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Practice Report

Team Canada won't adapt for Team Russia

Will prepare to face skilled attack, but focus, as usual, remains playing its game

by Arpon Basu @ArponBasu / Senior Managing Editor

TORONTO -- Team Canada coach Mike Babcock didn't know it at the time he said it, but he perfectly summed up the World Cup of Hockey 2016 semifinal matchup between his team and Team Russia to be played Saturday (7 p.m. ET; ESPN2, CBC, TVA, TVA Sports).

"Canada-Russia always sounds good," Babcock said just before Team Russia defeated Team Finland 3-0 in its final preliminary-round game Thursday to clinch a berth in the semifinal.

Team Europe will face Team Sweden in the other semifinal Sunday (1 p.m. ET; ESPN, CBC, TVA Sports). The winner of each semifinal will play a best-of-3 final starting Tuesday.

Team Canada defeated Team Russia 3-2 in overtime in the final pretournament game for each team Sept. 14 on a goal by Ryan Getzlaf. Team Canada pelted goalie Sergei Bobrovsky with 48 shots in that game but needed overtime to get the victory.

In a single-game elimination format, a similar situation easily could present itself, especially since Bobrovsky has not cooled down, putting up a .948 save percentage in three games and coming off the shutout of Team Finland.

Video: CZE@CAN: Marchand deflects Burns' one timer

Team Canada forward Brad Marchand said the Team Russia defense, which entered the tournament as the biggest question mark, has proven its doubters wrong and played well in front of Bobrovsky.

"They're good," Marchand said. "The knock on the European team was their goalie (Jaroslav Halak), and he's been incredible in this tournament. There's a lot of hearsay before tournaments, but guys step up to certain challenges, and that's what especially guys in this league do. They thrive on that, and the Russian team is playing very well, you have to give them some credit."

However, it is the Team Russia attack that will be the priority for Marchand and his Team Canada teammates.

"When they get going, they can create a lot of offense out of nothing," Marchand said. "That's the main thing. We have to play our system, we have to play it tight, and the way we play is more based and focused on us than other teams. But you have to play it tight on them and play hard. The big thing for us is, you can't turn pucks over against these teams; that's where they thrive, when we turn things over and they're able to capitalize on that. Just play a simple game."

The luxury for Team Canada's players is exactly that, they can afford to worry about only themselves because everyone else in the tournament generally is worried about them. Team Canada has won 13 straight games in best-on-best international competition.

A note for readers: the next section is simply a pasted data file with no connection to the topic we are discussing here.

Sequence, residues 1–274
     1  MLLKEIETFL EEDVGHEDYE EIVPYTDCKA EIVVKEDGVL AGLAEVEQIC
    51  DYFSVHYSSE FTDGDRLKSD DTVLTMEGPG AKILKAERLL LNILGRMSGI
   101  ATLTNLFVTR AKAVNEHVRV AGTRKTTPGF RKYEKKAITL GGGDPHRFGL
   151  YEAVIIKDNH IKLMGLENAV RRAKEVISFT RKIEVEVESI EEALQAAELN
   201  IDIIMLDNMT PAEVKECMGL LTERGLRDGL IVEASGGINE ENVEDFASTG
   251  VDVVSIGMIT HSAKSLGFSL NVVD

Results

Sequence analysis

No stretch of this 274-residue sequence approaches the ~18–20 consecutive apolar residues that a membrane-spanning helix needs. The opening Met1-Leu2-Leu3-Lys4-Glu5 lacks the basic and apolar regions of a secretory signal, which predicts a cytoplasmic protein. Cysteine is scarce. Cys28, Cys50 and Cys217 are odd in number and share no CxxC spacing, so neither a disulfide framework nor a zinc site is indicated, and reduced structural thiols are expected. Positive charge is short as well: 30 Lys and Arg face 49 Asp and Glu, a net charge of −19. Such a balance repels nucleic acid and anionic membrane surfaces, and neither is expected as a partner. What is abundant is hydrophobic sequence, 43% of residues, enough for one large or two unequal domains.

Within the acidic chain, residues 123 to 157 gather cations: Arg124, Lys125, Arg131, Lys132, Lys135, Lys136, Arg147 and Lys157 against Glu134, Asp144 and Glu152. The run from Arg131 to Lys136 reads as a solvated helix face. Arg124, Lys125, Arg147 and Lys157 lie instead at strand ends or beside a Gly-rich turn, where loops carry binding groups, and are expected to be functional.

"The way I've always looked at it, any successful team that you're on, I think that you worry more about yourselves because you can control what you do," Marchand said. "You can't control what the other team's going to do, you can't control how hard they play, the plays they make. But you can control your work ethic, being in the right position, playing the system the right way. So I just think that when teams are more concerned about worrying about themselves than other teams, that's when they'd be better."

Video: CZE@CAN: Crosby races back to break up a 2-on-1

Canada's international win streak includes a 7-3 win against Russia in the quarterfinals of the 2010 Vancouver Olympics, the last time these two countries faced off in a best-on-best tournament.

There are 12 players from that game who could be in uniform Saturday, four for Team Russia (Pavel Datsyuk, Evgeni Malkin, Andrei Markov and Alex Ovechkin) and eight for Team Canada (Patrice Bergeron, Sidney Crosby, Drew Doughty, Ryan Getzlaf, Corey Perry, Jonathan Toews, Joe Thornton and Shea Weber).

Team Russia coach Oleg Znarok said he did not know if Datsyuk will be able to play in the semifinal after he missed the game against Team Finland with a lower-body injury. It could be the final time Datsyuk plays against Babcock, his coach with the Detroit Red Wings from 2005-15.

Datsyuk, 38, left the NHL in June after 14 seasons to play with SKA St. Petersburg of the Kontinental Hockey League.

"In his prime … I don't know how many years it was, but in my opinion, he was the best forward in hockey in that time," Babcock said. "Now, lots of people would say somebody else scored more points. He was the best player in hockey up front for a period of time, with and without the puck. He's special to watch, fun to watch in practice playing keep-away, doing the things he can do.

"Obviously, Pavel's legs aren't what they were, age catches up to all of us. But he's still an effective player and he's chosen to go home to be around his family, and that's good for Pavel."

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